I have received a number of angry emails criticising ‘Brexit betrayal’.
Two issues in particular have got their goat: the decision to award the contract for the blue passport to a French company, and the EU transition agreement which will see the UK remain within the Common Fisheries Policy for a further 21 months.
First, the passports.
I regret that the best bid did not come from a UK company, but I disagree profoundly with my correspondents who say the contract should have been awarded to a poorer bid just because it came from a UK producer.
I would no more criticise a neighbour who bought a foreign car because it best suited his needs and his pocket, than I would the Home Office for selecting the best offer, even though it came from France.
One of the reasons I campaigned for Brexit is because I believe that we are an outward-looking nation that benefits from free trade.
I don’t want to live in an inward-looking island that favours its own producers even though better deals could be had by its consumers elsewhere.
It is international competition that will keep our producers striving to be the most innovative and competitive.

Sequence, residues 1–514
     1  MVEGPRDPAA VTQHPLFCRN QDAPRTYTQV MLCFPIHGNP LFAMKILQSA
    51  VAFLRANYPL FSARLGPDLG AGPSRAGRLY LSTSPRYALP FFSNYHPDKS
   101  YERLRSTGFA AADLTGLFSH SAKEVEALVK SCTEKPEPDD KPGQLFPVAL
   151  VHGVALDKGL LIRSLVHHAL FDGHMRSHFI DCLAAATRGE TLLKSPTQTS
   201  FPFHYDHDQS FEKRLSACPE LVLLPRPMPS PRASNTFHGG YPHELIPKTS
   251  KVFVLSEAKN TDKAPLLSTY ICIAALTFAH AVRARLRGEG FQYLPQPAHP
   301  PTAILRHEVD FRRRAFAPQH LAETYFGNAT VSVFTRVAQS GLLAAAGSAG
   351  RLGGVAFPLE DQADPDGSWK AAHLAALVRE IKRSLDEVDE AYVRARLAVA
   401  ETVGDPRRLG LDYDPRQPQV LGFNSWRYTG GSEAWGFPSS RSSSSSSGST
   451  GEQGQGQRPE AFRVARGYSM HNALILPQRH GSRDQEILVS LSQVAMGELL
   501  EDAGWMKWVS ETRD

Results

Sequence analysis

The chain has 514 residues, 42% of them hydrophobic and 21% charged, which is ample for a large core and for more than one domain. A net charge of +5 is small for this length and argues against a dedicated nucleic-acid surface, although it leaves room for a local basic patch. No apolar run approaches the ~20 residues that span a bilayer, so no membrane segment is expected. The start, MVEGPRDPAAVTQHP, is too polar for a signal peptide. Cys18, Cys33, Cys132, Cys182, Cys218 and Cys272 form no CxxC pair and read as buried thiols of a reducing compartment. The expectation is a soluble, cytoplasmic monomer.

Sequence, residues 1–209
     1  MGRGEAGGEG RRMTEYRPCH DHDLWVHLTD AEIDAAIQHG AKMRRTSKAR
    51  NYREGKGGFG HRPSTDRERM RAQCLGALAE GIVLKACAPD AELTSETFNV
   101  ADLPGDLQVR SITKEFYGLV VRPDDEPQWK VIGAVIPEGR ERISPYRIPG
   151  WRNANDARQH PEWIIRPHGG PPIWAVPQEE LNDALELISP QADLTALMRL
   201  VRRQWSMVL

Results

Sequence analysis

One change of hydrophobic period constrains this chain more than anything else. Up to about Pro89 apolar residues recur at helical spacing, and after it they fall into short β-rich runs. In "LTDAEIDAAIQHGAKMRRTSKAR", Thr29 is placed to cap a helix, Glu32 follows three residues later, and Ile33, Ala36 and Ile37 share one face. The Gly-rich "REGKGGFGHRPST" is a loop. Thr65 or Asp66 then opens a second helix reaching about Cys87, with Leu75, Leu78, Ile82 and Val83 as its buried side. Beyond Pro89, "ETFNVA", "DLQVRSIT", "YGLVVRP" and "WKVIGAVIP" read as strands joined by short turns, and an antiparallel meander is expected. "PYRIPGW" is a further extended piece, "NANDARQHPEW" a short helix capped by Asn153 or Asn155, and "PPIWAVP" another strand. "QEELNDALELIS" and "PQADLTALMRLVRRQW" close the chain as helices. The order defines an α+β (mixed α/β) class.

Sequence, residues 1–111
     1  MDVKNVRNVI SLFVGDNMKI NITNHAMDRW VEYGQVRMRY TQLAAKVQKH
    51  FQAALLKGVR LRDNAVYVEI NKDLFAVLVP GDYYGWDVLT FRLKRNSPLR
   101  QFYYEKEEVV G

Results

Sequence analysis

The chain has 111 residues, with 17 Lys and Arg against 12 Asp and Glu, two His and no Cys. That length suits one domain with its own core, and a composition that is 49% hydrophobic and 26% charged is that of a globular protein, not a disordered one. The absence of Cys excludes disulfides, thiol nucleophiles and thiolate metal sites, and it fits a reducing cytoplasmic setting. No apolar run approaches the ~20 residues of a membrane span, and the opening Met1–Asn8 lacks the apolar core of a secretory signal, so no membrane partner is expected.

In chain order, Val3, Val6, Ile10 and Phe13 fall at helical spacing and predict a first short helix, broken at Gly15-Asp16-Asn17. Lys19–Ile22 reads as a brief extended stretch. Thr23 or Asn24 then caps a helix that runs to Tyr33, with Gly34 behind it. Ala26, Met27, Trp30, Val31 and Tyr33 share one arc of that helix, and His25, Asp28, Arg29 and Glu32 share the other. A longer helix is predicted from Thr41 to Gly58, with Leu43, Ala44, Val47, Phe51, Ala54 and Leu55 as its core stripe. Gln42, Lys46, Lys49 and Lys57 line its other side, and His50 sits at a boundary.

The moment we follow President Trump down his blind alley of ‘America First’ shielding our producers from competition, we will be on the road to ruin.
Now, for the fish.
I was angry at the news that we would not be leaving the Common Fisheries Policy on 29 March next year at the same time as we leave the EU, but I had to reflect on why I was so emotional about it.
After all, the fishing industry is a tiny proportion of our economy: to put it bluntly, we have bigger fish to fry.
What is more, having campaigned to leave the EU and its Common Fisheries Policy for 45 years, how much difference will a further 21 months make?
Well, here are the answers.
The fishing industry is tiny because it was sacrificed when we joined the Common Market in 1973. There was no Common Fisheries Policy before we joined; they saw us coming, and created a policy to plunder our waters. It was considered as a price worth paying by the government of Edward Heath.
Second, there is something deeply symbolic about regaining control of our territorial waters as a great maritime nation, and to put it off is to put in doubt our will to ‘take back control’.
Which brings us to the issue of only a further 21 months.
Given past experience, such is our mistrust of our partners that we suspect that 21 month window will offer them the opportunity to alter arrangements with other coastal states like Norway and Iceland, that will bind and constrain us well beyond the 21 months.
Also, because in the past access to our waters has been offered up as a bargaining chip to secure greater economic prizes, the concession of a further 21 months is seen as a worrying sign that the habit may persist.
Only time will tell.